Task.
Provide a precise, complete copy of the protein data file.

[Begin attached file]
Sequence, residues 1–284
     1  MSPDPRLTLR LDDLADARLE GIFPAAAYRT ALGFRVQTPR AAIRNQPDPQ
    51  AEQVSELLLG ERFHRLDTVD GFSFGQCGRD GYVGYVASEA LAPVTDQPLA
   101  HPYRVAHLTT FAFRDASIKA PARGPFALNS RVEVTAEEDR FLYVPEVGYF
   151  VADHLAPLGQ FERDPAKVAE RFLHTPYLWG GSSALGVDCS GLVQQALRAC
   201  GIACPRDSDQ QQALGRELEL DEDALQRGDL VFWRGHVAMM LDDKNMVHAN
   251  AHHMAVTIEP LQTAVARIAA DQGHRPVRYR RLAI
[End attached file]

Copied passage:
Sequence, residues 1–284
     1  MSPDPRLTLR LDDLADARLE GIFPAAAYRT ALGFRVQTPR AAIRNQPDPQ
    51  AEQVSELLLG ERFHRLDTVD GFSFGQCGRD GYVGYVASEA LAPVTDQPLA
   101  HPYRVAHLTT FAFRDASIKA PARGPFALNS RVEVTAEEDR FLYVPEVGYF
   151  VADHLAPLGQ FERDPAKVAE RFLHTPYLWG GSSALGVDCS GLVQQALRAC
   201  GIACPRDSDQ QQALGRELEL DEDALQRGDL VFWRGHVAMM LDDKNMVHAN
   251  AHHMAVTIEP LQTAVARIAA DQGHRPVRYR RLAI